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{{#eclipseproject:technology.higgins|eclipse_custom_style.css}} This project implements a configuration handler that processes an XML file. Each setting is represented by name, type, and value. A list of SettingHandlers is provided, which maps type names to the classes that know how to process that value type.


  • Status: Available M0.8
  • Language: Java
  • Packaging: JAR



Setting Handlers

A list of types and the setting handler classes that support them:

  • boolean -- BooleanHandler
  • context factory -- ContextFactoryHandler
  • file -- FileHandler
  • IdAS -- IdentityAttributeServiceHandler
  • instance of IConfigurableComponent -- InstanceHandler
  • keystore -- KeyStoreHandler
  • list -- ListHandler
  • map -- MapHandler
  • private key -- PrivateKeyHandler
  • singleton instance of IConfigurableComponent -- SingletonHandler
  • string -- StringHandler
  • uri -- URIHandler
  • X.509 certificate -- CertificateHandler

Configuration File Structure

The structure of the configuration file is as follows:

<Configuration ...>
  <SettingHandlers> ... </SettingHandlers>
  <Setting Name="..." Type="htf:map"> ... </Setting>

The outer element can be anything you like.

There must be a "SettingHandlers" element, which is a list of SettingHandler elements. Each SettingHandler element has three attributes: type, class, and handler. The class name indicates what kind of object that will be created when an setting with the given type string is processed. The handler class tells the class that is responsible for reading the setting element value and creating the corresponding object.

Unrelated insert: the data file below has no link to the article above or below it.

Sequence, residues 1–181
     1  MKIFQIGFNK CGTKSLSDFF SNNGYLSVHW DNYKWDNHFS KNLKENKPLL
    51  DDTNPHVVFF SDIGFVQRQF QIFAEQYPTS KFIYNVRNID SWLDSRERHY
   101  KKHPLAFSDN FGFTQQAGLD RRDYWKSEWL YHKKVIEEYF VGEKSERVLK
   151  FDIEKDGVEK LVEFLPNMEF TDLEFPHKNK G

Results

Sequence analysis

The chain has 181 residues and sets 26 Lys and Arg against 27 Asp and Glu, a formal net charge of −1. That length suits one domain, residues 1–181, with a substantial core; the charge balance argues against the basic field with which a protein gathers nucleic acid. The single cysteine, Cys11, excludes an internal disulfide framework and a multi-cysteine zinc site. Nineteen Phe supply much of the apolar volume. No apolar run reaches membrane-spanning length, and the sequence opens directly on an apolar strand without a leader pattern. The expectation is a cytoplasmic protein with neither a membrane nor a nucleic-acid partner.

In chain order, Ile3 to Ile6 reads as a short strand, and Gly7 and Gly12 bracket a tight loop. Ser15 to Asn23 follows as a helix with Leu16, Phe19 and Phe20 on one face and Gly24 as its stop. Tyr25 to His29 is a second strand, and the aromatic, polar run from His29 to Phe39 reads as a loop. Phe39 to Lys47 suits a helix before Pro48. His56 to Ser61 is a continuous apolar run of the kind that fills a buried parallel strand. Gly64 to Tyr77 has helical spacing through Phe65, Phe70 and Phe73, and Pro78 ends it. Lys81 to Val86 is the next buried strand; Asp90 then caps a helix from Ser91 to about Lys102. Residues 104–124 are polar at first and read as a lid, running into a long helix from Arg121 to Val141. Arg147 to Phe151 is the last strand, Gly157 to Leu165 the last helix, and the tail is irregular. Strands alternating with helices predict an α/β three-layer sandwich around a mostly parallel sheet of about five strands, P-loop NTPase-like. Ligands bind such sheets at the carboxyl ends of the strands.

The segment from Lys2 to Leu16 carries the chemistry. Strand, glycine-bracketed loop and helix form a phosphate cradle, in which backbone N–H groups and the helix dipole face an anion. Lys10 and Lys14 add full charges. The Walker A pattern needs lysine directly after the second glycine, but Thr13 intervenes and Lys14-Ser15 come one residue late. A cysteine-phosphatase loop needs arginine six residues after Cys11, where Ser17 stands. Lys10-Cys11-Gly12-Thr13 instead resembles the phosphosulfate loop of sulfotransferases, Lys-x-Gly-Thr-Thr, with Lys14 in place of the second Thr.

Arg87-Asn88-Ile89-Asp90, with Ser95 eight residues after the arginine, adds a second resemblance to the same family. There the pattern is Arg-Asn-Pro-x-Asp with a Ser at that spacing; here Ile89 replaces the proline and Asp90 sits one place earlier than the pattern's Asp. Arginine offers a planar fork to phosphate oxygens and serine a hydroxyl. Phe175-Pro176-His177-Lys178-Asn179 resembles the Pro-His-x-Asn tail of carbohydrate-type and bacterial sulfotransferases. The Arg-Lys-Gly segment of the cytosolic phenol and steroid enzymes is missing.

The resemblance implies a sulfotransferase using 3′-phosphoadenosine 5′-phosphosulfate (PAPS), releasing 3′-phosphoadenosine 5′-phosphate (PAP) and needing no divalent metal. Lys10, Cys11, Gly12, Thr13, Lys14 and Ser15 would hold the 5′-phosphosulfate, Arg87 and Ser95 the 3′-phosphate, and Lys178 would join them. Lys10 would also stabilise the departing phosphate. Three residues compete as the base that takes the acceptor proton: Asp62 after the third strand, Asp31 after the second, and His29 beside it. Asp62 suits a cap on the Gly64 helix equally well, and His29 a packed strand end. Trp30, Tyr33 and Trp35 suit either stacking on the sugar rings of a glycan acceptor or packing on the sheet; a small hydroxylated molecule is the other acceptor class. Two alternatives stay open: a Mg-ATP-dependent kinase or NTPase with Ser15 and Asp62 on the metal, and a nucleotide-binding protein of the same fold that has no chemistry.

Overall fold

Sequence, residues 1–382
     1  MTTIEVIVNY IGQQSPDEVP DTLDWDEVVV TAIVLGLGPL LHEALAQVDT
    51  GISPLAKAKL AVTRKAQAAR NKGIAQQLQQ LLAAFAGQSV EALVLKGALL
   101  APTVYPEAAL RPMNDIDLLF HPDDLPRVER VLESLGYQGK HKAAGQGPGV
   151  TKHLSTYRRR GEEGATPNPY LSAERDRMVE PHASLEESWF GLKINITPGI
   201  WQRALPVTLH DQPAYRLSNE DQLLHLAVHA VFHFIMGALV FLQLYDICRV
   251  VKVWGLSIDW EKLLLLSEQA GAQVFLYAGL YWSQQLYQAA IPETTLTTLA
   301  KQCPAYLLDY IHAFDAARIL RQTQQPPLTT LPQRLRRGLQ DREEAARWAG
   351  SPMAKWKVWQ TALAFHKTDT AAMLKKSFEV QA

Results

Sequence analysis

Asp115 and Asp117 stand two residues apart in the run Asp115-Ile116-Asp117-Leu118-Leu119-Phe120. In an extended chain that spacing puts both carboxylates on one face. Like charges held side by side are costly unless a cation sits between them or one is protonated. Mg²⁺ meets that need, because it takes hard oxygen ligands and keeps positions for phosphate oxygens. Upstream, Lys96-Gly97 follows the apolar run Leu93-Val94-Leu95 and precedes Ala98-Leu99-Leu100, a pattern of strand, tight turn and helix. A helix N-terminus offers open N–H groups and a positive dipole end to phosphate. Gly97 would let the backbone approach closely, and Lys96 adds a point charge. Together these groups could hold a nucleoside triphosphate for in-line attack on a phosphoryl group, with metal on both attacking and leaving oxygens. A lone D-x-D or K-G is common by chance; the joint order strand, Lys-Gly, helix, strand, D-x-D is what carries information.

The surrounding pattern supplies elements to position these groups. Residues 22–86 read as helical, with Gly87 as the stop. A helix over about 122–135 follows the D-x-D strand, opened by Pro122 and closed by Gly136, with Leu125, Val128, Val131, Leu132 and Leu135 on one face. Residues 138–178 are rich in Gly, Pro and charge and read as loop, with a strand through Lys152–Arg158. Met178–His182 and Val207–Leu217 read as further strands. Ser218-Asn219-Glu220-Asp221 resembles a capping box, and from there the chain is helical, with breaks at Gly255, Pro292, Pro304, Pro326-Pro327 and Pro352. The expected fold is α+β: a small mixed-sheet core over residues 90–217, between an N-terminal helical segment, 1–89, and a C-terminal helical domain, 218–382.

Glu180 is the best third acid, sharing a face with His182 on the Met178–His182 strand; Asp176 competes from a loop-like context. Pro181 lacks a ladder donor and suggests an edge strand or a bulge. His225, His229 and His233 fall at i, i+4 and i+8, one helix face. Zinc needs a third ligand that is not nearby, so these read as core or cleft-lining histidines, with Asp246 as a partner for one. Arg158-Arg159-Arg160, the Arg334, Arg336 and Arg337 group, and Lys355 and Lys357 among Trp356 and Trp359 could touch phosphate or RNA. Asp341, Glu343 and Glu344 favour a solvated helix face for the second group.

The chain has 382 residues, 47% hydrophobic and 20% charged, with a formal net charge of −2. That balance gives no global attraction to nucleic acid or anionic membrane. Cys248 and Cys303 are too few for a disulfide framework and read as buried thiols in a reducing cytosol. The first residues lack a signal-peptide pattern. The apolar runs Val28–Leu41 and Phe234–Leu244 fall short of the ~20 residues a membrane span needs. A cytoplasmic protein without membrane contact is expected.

<SettingHandler Type="htf:map" Class="java.util.Map" Handler="org.eclipse.higgins.configuration.xml.MapHandler">
  <SettingHandler Type="xsd:string" Class="java.lang.String" Handler="org.eclipse.higgins.configuration.xml.StringHandler">

Each setting must specify its name and type attributes. The value of the element depends on the type. For example, a map or list will have multiple setting elements as its value. A string, on the other hand, will simply contain a string as its value.

Some examples:

<Setting Name="TokenServiceIssuerURI" Type="xsd:anyURI">https://localhost/TokenService/services/Trust</Setting>
<Setting Name="STSKeyStore" Type="htf:keystore">
   <!-- The type of the Key Store -->
   <Setting Name="Type" Type="xsd:string">JKS</Setting>
   <!-- The file that contains the Key Store
	- location relative to the Configuration directory -->
   <Setting Name="File" Type="htf:file">localhost.jks</Setting>
   <!-- The password for the Key Store -->
   <Setting Name="Password" Type="xsd:string">changeit</Setting>

As each setting is processed, it is given the map of settings that already exist. Therefore, one setting can use a setting that was defined earlier in the file. (For example, a certificate or private key might need to refer to the key store that was set in the example above.)

A map setting named "ComponentSettings" is used to hold values needed for particular components that are instantiated by this configuration file. For each "instance" or "singleton", there should be a setting (of type map) in "ComponentSettings" with the same name. This map is passed to the IConfigurableComponent's configure method in the mapComponentSettings parameter.

See Also


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